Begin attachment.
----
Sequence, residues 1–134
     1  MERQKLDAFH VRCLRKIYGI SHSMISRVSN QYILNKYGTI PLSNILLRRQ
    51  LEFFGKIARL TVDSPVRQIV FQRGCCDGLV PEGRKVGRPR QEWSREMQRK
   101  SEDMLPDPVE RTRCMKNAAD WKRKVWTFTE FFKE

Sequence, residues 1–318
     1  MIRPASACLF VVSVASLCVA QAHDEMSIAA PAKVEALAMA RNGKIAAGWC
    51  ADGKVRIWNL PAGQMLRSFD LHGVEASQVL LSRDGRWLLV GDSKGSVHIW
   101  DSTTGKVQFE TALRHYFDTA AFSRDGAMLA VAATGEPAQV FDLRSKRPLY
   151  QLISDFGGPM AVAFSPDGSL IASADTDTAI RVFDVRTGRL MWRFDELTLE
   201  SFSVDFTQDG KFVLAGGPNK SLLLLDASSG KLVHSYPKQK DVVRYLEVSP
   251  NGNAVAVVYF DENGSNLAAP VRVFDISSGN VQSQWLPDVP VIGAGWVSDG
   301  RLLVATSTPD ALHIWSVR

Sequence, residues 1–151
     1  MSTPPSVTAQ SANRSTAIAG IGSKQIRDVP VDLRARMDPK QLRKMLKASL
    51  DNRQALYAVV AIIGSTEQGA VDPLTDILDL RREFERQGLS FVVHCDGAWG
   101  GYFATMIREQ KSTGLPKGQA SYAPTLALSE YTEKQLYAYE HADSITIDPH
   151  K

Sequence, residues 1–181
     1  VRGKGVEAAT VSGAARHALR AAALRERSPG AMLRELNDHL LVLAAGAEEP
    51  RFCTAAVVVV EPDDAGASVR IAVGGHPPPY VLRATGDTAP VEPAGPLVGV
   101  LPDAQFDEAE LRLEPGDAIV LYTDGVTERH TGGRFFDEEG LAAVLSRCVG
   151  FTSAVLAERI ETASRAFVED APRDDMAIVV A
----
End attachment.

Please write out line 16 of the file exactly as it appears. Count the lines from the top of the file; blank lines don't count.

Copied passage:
   101  GYFATMIREQ KSTGLPKGQA SYAPTLALSE YTEKQLYAYE HADSITIDPH